Richard Doubleday, assistant professor of graphic design at the LSU School of Art, has recently received three grants to help fund his research in areas ranging from modern Chinese graphic design to the 1930s British journal, Typography, and the German master typographer Jan Tschichold.
In March 2014, Doubleday lectured and led a class critique at Auburn University. His travel to Auburn was supported by an LSU Southeastern Conference Faculty Travel Grant, a program intended to enhance faculty collaboration between SEC member universities. The program gives faculty from one SEC institution the opportunity to travel to another SEC campus to exchange ideas, develop grant proposals, and conduct research.
The subject of Doubleday’s lecture at Auburn was Master Typographer Jan Tschichold’s life, work, and legacy. Tschichold (1902–74) was one of the most outstanding and influential designers of the 20th century. He was a master in his field and frequently lectured and wrote a number of highly influential books on the subject of typography. Tschichold designed many classic typefaces, including the bestselling Sabon.
Doubleday’s lecture was illustrated with archival photography and offered an overview of Tschichold’s major influences and innovations, including his three landmark writings: Elementare Typographie (1925), Die Neue Typographie (1928), and Typographiische Gestaltung (1935). The lecture also featured Tschichold’s seminal poster design, his groundbreaking work with Penguin Books, and his later appropriation of classical typography.
Doubleday received a second travel grant from the LSU Council on Research Summer Stipend Program. These supporting funds will support his travel to Reading and London, where he hopes to gather additional data for a research project examining the 1930s quarterly journal, Typography. Doubleday will have the opportunity to study primary resources firsthand at the Reading University Rare Books Library, the British Library, and the St. Bride Library.
Typography was edited by Robert Harling and published in London and Hertford, England, by printer and publisher James Shand in the 1930s. The journal explored the juncture of popular and high culture and made an important contribution to the British printing and graphic art industry by covering contemporary typographic advancements and historical articles not featured elsewhere. Harling’s intent was to reveal typography in everyday objects such as newspaper pages, transportation timetables, and tea labels. The quarterly’s layout included unique bound-in mounted insets, gatefolds, and decorative colored paper.
Doubleday’s research will explore and document the underlying principles and social and cultural values that defined modern British graphic design at the time, with particular attention to Shenval Press (founded by James Shand, the publisher of Typography). The research will illustrate Harling’s ambitious undertaking and masterful editorial and typographic accomplishments. Doubleday hopes his research will place more emphasis on critical writing and the history of British graphic arts and its important role within the academic curricula.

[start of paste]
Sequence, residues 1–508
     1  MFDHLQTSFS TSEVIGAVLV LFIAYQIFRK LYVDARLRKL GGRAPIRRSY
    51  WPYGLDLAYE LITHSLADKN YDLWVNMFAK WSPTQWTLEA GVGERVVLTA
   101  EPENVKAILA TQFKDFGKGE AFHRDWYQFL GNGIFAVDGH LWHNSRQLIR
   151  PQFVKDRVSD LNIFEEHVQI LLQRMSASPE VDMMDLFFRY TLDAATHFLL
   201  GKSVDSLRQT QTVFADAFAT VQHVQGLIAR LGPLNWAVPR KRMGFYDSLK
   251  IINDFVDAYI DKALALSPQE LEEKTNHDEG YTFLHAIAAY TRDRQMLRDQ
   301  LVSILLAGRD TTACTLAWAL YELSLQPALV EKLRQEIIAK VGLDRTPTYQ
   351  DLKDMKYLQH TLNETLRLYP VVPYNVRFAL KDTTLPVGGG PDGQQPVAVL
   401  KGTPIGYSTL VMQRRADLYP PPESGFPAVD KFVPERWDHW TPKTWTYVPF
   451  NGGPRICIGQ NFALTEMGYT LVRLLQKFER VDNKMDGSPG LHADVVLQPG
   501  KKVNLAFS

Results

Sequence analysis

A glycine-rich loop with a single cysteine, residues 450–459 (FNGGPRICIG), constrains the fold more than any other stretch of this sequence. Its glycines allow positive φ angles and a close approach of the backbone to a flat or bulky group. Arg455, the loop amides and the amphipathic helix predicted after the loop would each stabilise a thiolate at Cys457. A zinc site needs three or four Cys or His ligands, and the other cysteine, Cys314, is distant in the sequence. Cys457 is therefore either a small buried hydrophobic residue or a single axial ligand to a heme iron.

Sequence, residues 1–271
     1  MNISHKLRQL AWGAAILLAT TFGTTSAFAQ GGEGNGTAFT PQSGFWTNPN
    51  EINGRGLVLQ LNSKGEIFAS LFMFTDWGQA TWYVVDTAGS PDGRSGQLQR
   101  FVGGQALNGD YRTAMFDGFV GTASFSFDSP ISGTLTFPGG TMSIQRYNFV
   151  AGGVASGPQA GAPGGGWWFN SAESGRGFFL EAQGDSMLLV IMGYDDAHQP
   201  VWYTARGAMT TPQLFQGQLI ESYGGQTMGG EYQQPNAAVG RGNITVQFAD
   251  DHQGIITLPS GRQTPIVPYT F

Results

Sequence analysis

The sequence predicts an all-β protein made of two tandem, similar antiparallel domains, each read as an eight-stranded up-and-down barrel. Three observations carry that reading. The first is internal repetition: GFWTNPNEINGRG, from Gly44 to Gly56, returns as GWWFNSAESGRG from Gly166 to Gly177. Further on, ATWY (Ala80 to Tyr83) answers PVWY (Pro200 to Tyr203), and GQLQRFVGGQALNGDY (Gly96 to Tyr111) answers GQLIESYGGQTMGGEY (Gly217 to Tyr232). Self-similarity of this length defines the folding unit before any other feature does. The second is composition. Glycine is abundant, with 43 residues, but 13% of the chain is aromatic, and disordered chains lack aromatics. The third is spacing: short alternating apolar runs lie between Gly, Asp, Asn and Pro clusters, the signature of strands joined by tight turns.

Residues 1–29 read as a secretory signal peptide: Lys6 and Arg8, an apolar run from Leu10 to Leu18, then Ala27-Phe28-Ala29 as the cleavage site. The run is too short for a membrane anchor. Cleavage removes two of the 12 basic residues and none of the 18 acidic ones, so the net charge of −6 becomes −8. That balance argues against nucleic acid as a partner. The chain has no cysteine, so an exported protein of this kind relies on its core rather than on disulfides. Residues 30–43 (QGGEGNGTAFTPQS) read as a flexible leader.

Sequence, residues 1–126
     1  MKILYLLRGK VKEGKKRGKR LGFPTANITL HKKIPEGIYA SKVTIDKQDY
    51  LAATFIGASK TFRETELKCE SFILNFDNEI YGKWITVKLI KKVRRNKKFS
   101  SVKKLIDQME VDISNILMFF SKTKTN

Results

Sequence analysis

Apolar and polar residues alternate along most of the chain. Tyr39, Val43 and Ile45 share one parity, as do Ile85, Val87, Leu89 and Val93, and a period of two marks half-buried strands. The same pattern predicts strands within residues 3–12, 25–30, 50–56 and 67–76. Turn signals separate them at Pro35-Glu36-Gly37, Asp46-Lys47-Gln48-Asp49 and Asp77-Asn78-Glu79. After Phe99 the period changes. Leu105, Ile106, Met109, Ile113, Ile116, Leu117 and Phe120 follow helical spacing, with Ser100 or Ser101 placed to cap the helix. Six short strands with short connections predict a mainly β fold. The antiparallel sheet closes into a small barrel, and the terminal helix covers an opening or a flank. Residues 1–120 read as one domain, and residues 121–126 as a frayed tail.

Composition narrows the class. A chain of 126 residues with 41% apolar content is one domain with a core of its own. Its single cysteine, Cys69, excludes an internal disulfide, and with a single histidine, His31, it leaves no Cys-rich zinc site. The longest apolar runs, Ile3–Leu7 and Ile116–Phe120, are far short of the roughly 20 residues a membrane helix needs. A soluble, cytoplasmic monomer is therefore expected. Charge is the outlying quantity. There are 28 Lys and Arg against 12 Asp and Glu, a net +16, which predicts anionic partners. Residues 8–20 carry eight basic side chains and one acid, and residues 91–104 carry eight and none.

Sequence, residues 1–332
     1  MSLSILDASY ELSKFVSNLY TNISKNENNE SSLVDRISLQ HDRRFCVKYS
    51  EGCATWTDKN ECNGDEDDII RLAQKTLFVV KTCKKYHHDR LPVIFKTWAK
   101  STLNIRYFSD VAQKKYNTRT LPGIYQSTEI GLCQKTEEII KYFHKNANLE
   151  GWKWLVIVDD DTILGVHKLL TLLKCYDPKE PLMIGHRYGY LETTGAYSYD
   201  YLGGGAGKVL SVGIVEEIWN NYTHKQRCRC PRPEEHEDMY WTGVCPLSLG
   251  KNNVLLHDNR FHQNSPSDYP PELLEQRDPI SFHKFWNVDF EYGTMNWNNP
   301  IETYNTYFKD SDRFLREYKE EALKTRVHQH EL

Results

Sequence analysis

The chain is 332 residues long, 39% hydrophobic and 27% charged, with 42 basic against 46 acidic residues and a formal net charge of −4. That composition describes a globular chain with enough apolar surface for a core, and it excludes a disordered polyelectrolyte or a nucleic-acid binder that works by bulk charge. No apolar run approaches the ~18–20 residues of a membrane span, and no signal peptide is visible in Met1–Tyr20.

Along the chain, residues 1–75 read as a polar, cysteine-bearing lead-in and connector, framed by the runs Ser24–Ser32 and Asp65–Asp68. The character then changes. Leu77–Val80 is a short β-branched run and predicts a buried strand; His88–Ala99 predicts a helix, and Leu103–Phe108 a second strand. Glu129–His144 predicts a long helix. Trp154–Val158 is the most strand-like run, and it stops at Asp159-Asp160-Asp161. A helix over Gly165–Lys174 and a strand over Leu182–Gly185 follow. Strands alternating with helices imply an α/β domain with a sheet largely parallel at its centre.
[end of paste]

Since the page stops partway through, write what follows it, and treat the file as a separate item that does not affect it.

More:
Doubleday is also the recipient of a grant from the Asian Cultural Council that will help fund the development of a book on contemporary Chinese graphic design. The Asian Cultural Council supports transformative cultural exchange by awarding grants to artists, scholars, and arts and humanities professionals, as well as organizations and educational institutions from the United States and Asia for research, study, and creative work within the countries of Asia.
The ACC grant will enable Doubleday and his colleague, Associate Professor Stephen Goldstein of Fitchburg State University, to continue their research and to explore with design educators and leading professional designers the design theory, thinking, and practices shared between Eastern and Western design movements. Their objective is to document the emerging visual language of modern Chinese graphic design in an aesthetic, social, cultural, and historical context, with a focus on the developments and achievements that began in China in 1979.
Their research and collaborative work will be the first significant study of modern Chinese design with Chinese designers and scholars produced by scholars outside of the country. Doubleday said their work will “expand design historical knowledge; lead the way in furthering the study, understanding, and appreciation of China’s culture; and illuminate the aesthetic values in design communications across cultures.”
In addition to his research efforts, in June 2014, Doubleday will give talks at Tsinghua University and the China Central Academy of Fine Arts in Beijing, and he will lead a solo exhibition and week-long workshop with graduate graphic design students at the College of Digital Arts at Shanghai University.
Doubleday will certainly have a busy summer ahead with his travels abroad. For more information about the creative and research projects of LSU School of Art faculty, visit art.lsu.edu.
About LSU School of Art
The LSU School of Art combines the best of both worlds: the resources and faculty of a large liberal arts institution and the personal attention that comes in a close-knit community. Students in the School of Art develop specialized skills while experimenting with various mediums, exploring their own creative intuition, and studying art history and contemporary art theory. Education comes from intensive critiques, working studio classes, dedicated professors, and engagement with the larger arts community through a curriculum that combines academic teaching and hands-on experiences, both on and off campus.
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